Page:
Mdm Marie-Louise Martin-Driancourt

Aircraft like those flown in the early days of aviation are today considered ultra-lights and do not need a license, but in 1911, it was a dangerous business and more so for a woman to fly. I found this interesting.

Madame Marie-Louise Driancourt (nee Martin) was born in Lyon on 17 December
1887, she died on 6 November 1914.

She obtained her pilot's licence in 1911, at Caudron brothers piloting school in RUE on the coast near Le Touquet in the north of France. Awarded certificate No.525, she was the fifth French woman to obtain a pilot's licence. Mme Driancourt took part in several air meets including at Juvisy, Troyes, Toulon and Rheims, between 1911 and the beginning of 1914. She also took part in the Paris-Madrid Air Race won by Jules Védrines on 26 May 1911. In March 1914 she suffered a very serious accident which would result in her death in November.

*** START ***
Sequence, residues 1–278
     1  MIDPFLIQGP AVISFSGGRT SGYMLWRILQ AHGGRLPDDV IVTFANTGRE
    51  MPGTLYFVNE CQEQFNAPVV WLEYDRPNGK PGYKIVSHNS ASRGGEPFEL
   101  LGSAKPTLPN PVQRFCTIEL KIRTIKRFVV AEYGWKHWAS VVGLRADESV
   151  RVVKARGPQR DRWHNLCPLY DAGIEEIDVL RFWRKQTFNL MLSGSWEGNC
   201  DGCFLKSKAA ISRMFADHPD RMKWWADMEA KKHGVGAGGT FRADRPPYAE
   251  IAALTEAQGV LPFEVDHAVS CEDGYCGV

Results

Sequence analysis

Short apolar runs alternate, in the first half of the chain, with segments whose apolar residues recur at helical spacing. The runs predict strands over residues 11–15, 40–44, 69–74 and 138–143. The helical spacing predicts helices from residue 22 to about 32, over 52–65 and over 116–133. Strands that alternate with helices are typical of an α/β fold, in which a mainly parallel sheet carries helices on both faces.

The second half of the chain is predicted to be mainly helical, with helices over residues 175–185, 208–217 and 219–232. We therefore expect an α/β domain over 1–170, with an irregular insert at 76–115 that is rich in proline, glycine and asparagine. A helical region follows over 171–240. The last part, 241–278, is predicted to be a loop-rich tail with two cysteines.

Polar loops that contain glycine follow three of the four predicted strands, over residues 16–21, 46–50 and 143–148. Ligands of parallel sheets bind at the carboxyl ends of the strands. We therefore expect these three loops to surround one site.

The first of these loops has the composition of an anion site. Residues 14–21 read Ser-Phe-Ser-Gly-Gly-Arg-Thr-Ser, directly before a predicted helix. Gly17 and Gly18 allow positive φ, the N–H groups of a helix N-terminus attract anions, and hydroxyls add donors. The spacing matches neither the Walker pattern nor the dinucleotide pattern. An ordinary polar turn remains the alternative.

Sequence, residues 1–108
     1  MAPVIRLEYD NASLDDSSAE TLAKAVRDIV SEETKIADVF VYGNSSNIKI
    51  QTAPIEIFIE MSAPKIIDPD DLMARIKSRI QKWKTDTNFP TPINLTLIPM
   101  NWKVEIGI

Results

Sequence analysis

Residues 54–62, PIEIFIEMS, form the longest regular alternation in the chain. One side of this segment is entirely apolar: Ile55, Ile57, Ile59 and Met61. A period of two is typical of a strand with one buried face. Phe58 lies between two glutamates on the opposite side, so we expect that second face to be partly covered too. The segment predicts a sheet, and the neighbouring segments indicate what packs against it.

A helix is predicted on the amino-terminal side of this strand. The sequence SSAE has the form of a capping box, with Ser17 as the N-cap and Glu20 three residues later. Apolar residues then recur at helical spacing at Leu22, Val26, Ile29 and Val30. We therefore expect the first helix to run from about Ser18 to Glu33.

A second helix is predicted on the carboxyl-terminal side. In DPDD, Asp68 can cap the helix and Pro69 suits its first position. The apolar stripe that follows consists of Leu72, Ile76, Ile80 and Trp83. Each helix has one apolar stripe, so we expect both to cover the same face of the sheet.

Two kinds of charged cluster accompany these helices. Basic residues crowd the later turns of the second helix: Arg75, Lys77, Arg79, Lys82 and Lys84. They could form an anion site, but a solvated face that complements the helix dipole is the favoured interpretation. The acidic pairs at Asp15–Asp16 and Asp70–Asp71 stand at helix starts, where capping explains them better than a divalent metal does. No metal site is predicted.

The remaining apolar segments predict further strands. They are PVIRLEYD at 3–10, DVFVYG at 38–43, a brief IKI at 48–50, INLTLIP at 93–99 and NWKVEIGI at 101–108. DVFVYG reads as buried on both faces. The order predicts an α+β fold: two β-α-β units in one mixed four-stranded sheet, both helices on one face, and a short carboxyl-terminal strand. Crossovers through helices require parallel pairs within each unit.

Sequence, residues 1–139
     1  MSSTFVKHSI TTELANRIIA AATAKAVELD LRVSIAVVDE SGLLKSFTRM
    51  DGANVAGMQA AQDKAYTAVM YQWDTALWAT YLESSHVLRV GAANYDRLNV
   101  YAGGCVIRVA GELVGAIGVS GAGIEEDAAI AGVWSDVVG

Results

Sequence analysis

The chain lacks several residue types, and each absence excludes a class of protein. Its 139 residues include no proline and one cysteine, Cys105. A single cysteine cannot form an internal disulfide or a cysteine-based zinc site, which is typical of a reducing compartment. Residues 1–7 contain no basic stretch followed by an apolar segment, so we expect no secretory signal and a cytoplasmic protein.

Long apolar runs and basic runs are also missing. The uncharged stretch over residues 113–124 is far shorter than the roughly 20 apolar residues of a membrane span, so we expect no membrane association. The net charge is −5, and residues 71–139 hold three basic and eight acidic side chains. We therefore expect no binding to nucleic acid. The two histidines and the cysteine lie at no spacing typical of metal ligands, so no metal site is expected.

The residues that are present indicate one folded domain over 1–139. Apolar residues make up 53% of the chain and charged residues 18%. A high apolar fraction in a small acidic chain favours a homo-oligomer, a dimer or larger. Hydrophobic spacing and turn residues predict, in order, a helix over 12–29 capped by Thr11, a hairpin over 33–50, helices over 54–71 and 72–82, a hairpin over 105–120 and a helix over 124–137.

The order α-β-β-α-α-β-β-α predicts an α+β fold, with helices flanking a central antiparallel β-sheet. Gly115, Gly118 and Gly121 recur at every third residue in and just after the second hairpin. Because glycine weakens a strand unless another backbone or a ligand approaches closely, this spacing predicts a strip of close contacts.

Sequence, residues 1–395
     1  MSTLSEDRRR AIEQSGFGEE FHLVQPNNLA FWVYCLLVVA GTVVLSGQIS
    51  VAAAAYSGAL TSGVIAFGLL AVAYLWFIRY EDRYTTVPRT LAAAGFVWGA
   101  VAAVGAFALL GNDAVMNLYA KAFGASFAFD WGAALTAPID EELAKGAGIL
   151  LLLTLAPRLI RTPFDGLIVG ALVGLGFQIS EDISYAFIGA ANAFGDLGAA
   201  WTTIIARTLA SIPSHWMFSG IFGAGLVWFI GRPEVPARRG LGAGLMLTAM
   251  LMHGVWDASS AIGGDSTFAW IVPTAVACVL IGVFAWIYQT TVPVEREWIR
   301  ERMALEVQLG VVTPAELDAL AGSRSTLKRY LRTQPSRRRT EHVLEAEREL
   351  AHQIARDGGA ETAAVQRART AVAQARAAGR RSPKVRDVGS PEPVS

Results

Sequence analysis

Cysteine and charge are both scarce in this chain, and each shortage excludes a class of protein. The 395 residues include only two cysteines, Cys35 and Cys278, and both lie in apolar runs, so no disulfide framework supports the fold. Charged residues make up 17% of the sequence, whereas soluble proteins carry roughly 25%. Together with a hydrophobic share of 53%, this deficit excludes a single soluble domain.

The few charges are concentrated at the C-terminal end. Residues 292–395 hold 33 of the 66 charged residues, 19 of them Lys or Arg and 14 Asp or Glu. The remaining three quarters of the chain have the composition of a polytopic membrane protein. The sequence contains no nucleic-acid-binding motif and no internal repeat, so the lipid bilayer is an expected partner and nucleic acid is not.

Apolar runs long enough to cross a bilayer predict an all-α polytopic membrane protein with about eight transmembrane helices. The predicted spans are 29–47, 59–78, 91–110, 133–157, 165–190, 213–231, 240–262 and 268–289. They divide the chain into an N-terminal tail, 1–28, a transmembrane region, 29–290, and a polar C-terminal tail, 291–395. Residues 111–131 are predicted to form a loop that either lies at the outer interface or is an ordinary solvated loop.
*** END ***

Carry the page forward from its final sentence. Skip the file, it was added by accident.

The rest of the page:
An earlier accident destroyed half her aeroplane, and grounded her for some time. The apparatus was rebuilt and she took up her flying activities again, until March 1914.

Unfortunately, there exists very few mementos of Marie Louise Driancourt, in fact, at that time, very few women dared to pilot a dangerous machine like an aeroplane. This was very badly perceived by the family of her late husband and the majority of her photographs and newspaper articles were destroyed.

de Brantigny

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